Portugal winger Ronaldo set to join 100 club against Northern Ireland (Mail) Cristiano Ronaldo is on course to win his 100th international cap against Northern Ireland on Tuesday after training with his Portugal team-mates and declaring himself fit to face Russia.
Fabio Capello finds no escape from captaincy controversies in Russia (Amy Lawrence, Guardian) John Terry is now someone else’s problem but, as Russia prepare for a key qualifier against Portugal, their captain Igor Denisov is in dispute with his club, Zenit St Petersburg.
Football: Morally Bankrupt
Compromised FA can’t lecture us on booze and betting (Martin Samuel, Mail) This morning’s starter for 10. Who is the Premier League’s gambling partner? Bad luck, it’s a trick question. They haven’t got one. OK, double or quits. Who is the Premier League’s alcohol partner? Got you again, they haven’t one of those either. Guess who has both? That’s right. Those noble folk at the FA. They recommend Carlsberg beer and a punt with William Hill. Indeed, if you saw England manager Roy Hodgson speak on Thursday, the name of the FA’s bookie of choice was clearly visible on the screen behind him. That should play out well when Horne calls the leagues in for a Wonga-related lecture on Friday. How long before the FA’s compromised position is raised? One imagines dissent might come through a lot quicker than a Wonga loan. There is no organisation in football more hell-bent on the pursuit of filthy lucre than the FA.
‘Inside these envelopes are names of 3 players… one will let us down!’(Sun) Brendan Rodgers has left himself wide open to ridicule by ripping off a mind game Alex Ferguson used nearly TWENTY years ago! Liverpool boss Rodgers went down the Fergie route by holding up three envelopes during a team-talk — and claiming they contained the names of three players who will “let us down this year”… It is one thing for an established manager to use that trick to keep his players focused. But for a relative newcomer to copy it with a bunch of experienced players is a bizarre move.
Liverpool face striker crisis as Borini breaks his foot leaving Rodgers left with just Suarez leading the attack (Mail) Liverpool’s stuttering season has been dealt a fresh blow after Fabio Borini broke his right foot during training with Italy’s Under 21s. The 21-year-old was preparing for his country’s Euro 2013 play-off with Sweden in Pescara when he suffered the injury to his scafoide bone and taken to hospital for X-rays.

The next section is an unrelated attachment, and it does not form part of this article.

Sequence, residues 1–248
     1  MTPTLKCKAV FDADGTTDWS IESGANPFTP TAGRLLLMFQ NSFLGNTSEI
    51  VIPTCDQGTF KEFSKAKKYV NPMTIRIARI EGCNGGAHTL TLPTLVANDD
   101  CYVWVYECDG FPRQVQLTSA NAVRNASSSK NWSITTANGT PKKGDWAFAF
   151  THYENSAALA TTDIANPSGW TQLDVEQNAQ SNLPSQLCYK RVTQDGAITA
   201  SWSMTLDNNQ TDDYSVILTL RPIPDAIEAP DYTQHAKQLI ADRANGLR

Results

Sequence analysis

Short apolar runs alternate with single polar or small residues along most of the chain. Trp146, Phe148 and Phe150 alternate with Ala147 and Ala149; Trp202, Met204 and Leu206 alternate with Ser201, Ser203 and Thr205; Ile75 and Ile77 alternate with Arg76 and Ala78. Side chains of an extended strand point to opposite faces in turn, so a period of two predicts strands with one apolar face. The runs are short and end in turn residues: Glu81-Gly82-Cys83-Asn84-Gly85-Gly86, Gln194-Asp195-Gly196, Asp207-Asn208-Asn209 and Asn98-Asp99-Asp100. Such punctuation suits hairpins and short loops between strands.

Twitter & Football
Ryan Bertrand proves that only constant Twitter usage can save football (Alan Tyers, Telegraph) What did footballers do before the invention of Twitter? It feels that barely an hour can now pass without a player making a berk of himself on the inescapable social media site. As I write, Chelsea’s sore throat denier Ryan Bertrand is the punchbag of the hour, although I’m sure a new contender will have entered the fray by the time you get to the bottom of the page… Chelsea’s PR wonks may be sighing at the prospect of another afternoon dealing with the fallout of their latest player’s latest microblogging mindfart, but at least Ryan isn’t out there shooting at the youth team with an air-rifle, racially abusing an opponent, laughing at terrorist incidents or any other number of real world boo-boos.
Lucre who’s talking, Ivan (Dan King, Sun) Arsenal supremo Ivan Gazidis admits ever-increasing TV money risks alienating highly-paid players from fans ever further… Gazidis said: “The introduction of money and the extraordinary growth of revenues that we see in the game is a fantastic success story. But it clearly creates a lot of issues in terms of how our fans are able to feel that they’re still connected with those players who are earning enormous amounts of money.”
Managers On The Move
Prise guys (Sun) Blackburn will offer Tim Sherwood a £1million bonus to get the club promoted. That is on top of a £2m-a-year two-year rolling contract.
Bolton eye Solskjaer (Sun) Bolton plan to speak to Manchester United legend Ole Gunnar Solskjaer about their vacant manager’s job… Portsmouth chief Michael Appleton and Crystal Palace boss Dougie Freedman are also under consideration, along with Roy Keane.
Man United legend Solskjaer in the frame for Bolton job after skipping talk in London (Mail) Ole Gunnar Solskjaer mysteriously went to ground after emerging as Bolton’s first-choice to become their new manager… The official reason was that Solskjaer is recuperating from illness at home in Norway, but the former Manchester United striker is known to have been in England during the international break and was spotted at a United Under 21s game on Monday night.
Liverpool to solve striker shortage with £14m Burak Yilmaz bid (Star) Former Trabzonspor star Yilmaz was linked to both Tottenham and Fulham over the summer, but ended up staying in Turkey after completing a £4million move to Galatasaray… Liverpool will have to dig deep for Yilmaz, with Galatasaray likely to demand a sizeable increase on the fee they paid for him. But the Merseysiders are confident of convincing the hit-man with a significant increase on his current £35,000-per-week wage packet.
Tottenham are ready to battle Italians Inter Milan for £7.5million-rated German midfielder Patrick Herrmann (Sun) The Under-21 star has 10 goals in 56 games for Bundesliga outfit Borussia Monchengladbach.